With all this recent talk about the “ethnic vote,” you may have started to wonder if the voter eligibility has changed in Canada!
So, with less than a week to go let’s review voter eligibility, the voting process and what you need to do to cast an informed vote.
Election Day is Monday, May 2, 2011.
- Newfoundland/Atlantic Time/Central Time: 8:30am-8:30pm
- Eastern Time: 9:30am-9:30pm
- Saskatchewan/Mountain Time: 7:30am-7:30pm
- Pacific Time: 7:00am-7:00pm
Who can vote?
You may vote in this federal election if you are:
- a Canadian citizen (temporary and permanent residents cannot vote);
- 18 years old or older on election day;
- a resident in the electoral district (you must be able to prove your identity and address).
Can I vote?
Ideally, you should have received a “voter information card” in the mail. This means that you are registered to vote and Elections Canada has your current address. If your name and address are stated correctly, you are registered to vote at the polling place indicated on your card.
If you did not get a voter information card, or if your card is incorrect, you can still register to vote.
To register to vote, you can call Elections Canada at 1-800-463-6868, or simply go to your election day polling place on Monday, May 2.
If you go to vote on May 2, you’ll be asked to:
- fill out a form
- certify that you are a Canadian citizen who will be 18 or older on election day, Monday, May 2, and
- prove your identity and address
- proof of identity and address accepted at Elections Canada offices
- proof of identity and address accepted at the polls
Find out more about voter registration or call Elections Canada at 1-800-463-6868
Where to vote if you’re not sure
Call Elections Canada, or visit the Voter Information Service on their site, enter your postal code (or select from the other options), and you’ll find the information you need. Look for the link “Where do I vote?” on the page for the information you need.
Candidate and party info
Once you search for your riding on the Voter Information Service section of Elections Canada site, click on the “Candidates” link in the main site navigation. There isn’t much information there other than the candidates who you can vote for. But, it’s still useful to see them all listed in one place.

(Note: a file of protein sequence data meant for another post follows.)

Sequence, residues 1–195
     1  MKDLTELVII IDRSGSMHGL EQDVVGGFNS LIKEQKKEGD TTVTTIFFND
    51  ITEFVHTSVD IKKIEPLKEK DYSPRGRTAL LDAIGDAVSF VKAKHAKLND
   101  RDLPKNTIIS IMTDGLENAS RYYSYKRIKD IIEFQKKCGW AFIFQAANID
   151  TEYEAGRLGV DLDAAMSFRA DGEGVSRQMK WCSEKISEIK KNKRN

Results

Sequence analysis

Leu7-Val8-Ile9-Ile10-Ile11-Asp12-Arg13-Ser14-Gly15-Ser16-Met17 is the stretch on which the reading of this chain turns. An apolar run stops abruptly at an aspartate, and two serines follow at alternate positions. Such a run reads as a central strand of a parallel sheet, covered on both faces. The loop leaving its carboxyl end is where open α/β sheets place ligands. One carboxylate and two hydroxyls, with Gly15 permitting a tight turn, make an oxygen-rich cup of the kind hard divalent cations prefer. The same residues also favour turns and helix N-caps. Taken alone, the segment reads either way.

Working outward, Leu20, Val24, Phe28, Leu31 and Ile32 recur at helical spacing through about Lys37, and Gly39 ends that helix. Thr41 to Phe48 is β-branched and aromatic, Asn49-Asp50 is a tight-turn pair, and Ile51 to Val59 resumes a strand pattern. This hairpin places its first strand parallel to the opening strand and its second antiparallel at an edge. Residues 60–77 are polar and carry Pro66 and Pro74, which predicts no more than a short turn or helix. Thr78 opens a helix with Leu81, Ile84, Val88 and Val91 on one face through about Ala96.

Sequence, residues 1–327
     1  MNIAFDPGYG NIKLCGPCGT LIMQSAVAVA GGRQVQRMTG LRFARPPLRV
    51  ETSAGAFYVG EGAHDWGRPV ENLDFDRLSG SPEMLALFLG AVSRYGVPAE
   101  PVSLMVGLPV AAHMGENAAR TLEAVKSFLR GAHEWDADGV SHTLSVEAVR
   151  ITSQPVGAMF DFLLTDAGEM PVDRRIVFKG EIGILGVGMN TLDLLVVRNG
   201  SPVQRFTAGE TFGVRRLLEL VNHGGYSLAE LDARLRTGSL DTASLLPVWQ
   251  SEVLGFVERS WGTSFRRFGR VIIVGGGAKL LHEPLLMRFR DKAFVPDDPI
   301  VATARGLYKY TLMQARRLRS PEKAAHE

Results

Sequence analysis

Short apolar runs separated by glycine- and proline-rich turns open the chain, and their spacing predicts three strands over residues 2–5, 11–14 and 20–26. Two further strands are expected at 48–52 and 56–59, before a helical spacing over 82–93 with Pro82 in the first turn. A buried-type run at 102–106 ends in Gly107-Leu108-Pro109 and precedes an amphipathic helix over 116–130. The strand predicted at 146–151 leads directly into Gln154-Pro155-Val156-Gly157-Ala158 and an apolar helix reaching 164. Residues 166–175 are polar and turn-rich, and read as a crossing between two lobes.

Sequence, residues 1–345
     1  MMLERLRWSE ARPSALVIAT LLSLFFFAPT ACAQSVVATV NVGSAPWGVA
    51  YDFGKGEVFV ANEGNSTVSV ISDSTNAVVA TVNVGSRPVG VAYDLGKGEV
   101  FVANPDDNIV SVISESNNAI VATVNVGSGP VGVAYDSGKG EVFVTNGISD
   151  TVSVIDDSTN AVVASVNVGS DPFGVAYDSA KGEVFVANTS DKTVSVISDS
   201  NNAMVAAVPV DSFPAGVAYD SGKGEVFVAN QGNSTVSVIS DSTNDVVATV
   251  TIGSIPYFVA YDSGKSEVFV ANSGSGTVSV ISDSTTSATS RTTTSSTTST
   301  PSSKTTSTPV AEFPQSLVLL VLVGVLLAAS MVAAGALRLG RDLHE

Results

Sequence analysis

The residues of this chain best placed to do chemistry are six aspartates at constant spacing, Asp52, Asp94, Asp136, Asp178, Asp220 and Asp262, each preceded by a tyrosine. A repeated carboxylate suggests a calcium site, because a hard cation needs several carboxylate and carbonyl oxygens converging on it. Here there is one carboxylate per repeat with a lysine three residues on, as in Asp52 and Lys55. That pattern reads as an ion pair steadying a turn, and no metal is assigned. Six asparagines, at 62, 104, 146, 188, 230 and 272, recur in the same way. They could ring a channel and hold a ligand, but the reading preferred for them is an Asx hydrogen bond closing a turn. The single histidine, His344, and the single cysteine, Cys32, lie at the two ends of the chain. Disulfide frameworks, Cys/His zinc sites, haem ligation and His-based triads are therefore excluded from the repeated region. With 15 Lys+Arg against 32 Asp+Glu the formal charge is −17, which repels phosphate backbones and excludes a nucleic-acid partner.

You’ll probably want to make sure you know more about the party platforms and policies, so that you cast an informed vote. So, you will want to visit each party’s website to find additional information (they all have a candidate search section).
We’ve made it easy for you with links to all party sites and platforms on our Maytree’s election insights post.
What you need to bring in order to vote
To vote, you must prove your identity and address. You have three options:
- Option 1: Show one original piece of identification with your photo, name and address. It must be issued by a government agency.
- Option 2: Show two original pieces of authorized identification. Both pieces must have your name and one must also have your address.
- Option 3: Take an oath and have an elector who knows you vouch for you (both of you will be required to make a sworn statement). This person must have authorized identification and their name must appear on the list of electors in the same polling division as you. This person can only vouch for one person and the person who is vouched for cannot vouch for another elector. Examples: a neighbour, your roommate.
Elections Canada has Information for Voters from Ethnocultural Communities, in 27 languages and Information for Aboriginal Voters in 11 languages.
Do I need to show my face?
From Elections Canada:
Electors wearing face coverings
If an elector wearing a face covering presents himself or herself at the polling station, the deputy returning officer will invite the elector to show his or her face. If the elector agrees to remove his or her face covering, the poll official will follow regular voting procedures. Election officials have been instructed to exercise respect and sensitivity in following this administrative procedure.
If the elector does not wish to remove his or her face covering, the deputy returning officer will advise the elector that he or she must provide two pieces of authorized identification, both with the elector’s name and one with the elector’s address, and then swear an oath attesting to his or her eligibility to vote. If the elector agrees to provide the identification and swear the oath, the poll official will follow regular voting procedures.
If the elector refuses to uncover his or her face and also refuses to provide two pieces of identification and take the oath, or to be vouched for, he or she will not be permitted to vote.
First time voting?
Fantastic! Welcome to the election! If you haven’t voted in Canada before, find out what your ballot will look like and the actual mechanics of voting on the Settlement.Org site.
Useful websites and info